THE MERMAN'S CHILDREN by Poul Anderson

THE MERMAN'S CHILDREN

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KIRKUS REVIEW

An ambitious elaboration of the Danish legend echoed in Matthew Arnold's ""The Forsaken Merman,"" here lavishly extended with history and other scaffoldings. Fleeing the ruined Jutish met-kingdom of Liri, the tribe of King Vanimen find their way to the coast of Dalmatia, already peopled with its own ""uncanny beings."" Meanwhile the king's half-human son and daughter, exploring westward in search of treasure and their lost people, encounter marvels ranging from the Great Selkie of Sule Skerry to the Inuit of Greenland. The leitmotiv of the narrative is the inevitable decline of ""Faerie"" as the Christian West swallows up the ways of the elder ""halfworld."" For sheer, imaginative sweep, this is surely one of Anderson's most remarkable books, though the writing often strays into purple commonplace and leaden sentimentality.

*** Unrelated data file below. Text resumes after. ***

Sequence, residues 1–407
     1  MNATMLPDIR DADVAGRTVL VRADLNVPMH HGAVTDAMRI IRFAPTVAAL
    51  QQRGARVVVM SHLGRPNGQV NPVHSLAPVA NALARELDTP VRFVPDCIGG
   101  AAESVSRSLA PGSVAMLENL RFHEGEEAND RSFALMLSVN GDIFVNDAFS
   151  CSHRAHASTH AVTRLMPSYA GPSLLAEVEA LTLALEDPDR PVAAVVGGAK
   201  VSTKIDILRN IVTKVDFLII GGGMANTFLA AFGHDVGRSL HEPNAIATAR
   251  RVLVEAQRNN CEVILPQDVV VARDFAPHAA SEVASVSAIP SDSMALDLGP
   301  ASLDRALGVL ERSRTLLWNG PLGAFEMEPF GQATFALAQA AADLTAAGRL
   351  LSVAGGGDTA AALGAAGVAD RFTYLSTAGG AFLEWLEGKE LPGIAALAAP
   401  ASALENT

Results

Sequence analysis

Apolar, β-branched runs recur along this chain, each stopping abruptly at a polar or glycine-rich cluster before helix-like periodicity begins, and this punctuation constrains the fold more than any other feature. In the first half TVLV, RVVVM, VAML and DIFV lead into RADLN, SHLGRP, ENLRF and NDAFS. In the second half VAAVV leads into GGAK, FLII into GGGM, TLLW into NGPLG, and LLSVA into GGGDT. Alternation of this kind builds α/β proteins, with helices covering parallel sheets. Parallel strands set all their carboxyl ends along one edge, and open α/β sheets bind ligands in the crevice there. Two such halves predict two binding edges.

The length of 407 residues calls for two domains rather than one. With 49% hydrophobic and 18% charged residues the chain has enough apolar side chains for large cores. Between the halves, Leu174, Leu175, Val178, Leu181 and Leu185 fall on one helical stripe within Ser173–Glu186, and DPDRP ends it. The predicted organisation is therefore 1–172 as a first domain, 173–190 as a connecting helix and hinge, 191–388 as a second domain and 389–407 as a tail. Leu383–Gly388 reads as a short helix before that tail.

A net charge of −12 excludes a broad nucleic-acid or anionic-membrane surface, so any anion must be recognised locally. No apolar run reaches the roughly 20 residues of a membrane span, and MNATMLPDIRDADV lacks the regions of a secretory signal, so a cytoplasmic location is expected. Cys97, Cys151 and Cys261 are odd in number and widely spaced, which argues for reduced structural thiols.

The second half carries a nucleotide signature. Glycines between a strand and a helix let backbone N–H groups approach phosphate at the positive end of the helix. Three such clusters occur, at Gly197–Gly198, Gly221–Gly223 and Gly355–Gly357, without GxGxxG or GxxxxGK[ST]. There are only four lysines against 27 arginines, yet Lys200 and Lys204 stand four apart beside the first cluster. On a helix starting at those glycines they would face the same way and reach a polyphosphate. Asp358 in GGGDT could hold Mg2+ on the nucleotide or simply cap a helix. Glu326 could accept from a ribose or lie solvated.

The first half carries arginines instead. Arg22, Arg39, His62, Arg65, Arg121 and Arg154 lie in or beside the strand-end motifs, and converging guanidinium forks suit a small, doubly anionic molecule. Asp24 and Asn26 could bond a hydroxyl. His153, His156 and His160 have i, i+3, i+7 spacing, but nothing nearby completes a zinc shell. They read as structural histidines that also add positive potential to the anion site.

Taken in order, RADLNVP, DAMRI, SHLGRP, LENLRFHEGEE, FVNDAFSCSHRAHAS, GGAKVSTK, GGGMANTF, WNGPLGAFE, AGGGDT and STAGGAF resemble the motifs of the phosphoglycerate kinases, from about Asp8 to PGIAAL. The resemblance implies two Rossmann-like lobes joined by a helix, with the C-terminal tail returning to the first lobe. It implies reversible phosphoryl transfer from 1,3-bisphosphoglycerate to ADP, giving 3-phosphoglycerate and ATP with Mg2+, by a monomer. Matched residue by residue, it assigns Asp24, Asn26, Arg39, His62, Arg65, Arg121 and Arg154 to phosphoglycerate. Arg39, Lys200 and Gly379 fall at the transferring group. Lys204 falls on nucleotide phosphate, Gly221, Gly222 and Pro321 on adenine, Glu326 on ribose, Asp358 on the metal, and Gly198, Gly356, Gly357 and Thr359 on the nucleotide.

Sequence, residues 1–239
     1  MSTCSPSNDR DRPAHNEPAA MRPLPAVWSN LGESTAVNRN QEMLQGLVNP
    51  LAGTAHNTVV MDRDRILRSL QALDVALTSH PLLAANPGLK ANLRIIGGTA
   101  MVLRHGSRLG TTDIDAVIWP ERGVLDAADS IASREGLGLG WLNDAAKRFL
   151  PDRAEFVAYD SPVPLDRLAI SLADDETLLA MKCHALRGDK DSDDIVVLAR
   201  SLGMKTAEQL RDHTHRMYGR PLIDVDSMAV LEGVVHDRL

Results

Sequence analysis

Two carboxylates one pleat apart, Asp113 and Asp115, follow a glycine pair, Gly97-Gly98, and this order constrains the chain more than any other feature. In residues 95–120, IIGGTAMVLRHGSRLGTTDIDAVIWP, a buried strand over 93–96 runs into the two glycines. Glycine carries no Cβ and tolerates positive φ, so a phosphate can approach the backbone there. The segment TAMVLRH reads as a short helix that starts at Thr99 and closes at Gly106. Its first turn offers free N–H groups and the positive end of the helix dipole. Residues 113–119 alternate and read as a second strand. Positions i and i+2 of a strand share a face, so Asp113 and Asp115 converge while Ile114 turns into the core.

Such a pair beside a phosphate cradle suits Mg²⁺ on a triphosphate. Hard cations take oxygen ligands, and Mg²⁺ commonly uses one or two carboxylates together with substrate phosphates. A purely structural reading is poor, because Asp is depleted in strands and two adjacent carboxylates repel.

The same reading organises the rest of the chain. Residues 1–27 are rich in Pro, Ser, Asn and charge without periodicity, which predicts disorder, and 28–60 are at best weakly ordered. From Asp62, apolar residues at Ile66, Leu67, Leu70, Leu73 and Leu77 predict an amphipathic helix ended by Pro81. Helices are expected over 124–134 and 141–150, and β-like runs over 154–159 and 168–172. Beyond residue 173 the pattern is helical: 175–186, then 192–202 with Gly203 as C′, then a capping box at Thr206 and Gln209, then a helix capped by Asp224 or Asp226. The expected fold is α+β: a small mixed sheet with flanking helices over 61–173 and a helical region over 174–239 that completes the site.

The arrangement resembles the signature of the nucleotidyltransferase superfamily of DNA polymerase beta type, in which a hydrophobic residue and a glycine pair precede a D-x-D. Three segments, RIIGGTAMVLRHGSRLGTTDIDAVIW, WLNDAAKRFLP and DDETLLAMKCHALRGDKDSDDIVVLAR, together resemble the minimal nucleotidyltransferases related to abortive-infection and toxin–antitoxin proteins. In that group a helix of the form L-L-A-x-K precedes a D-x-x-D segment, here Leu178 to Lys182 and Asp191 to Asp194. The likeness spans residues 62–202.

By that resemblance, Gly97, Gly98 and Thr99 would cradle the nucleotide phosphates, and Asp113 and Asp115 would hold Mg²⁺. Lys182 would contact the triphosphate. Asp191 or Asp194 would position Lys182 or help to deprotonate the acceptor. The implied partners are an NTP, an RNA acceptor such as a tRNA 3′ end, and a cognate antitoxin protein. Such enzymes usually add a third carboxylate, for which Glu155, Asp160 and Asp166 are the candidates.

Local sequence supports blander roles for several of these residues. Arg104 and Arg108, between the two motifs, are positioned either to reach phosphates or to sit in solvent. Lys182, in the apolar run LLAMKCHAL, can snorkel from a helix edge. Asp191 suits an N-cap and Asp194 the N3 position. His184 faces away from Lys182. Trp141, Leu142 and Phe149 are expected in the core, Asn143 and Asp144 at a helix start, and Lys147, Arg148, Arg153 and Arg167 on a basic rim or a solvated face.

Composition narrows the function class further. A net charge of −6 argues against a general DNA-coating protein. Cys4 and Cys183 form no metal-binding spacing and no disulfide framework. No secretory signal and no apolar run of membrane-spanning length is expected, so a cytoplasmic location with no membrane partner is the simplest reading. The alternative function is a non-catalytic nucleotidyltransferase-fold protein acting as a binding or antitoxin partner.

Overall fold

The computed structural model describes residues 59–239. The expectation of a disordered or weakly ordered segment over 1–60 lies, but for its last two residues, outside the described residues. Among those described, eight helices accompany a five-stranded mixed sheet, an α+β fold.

Pub Date: Sept. 18th, 1979
Publisher: Putnam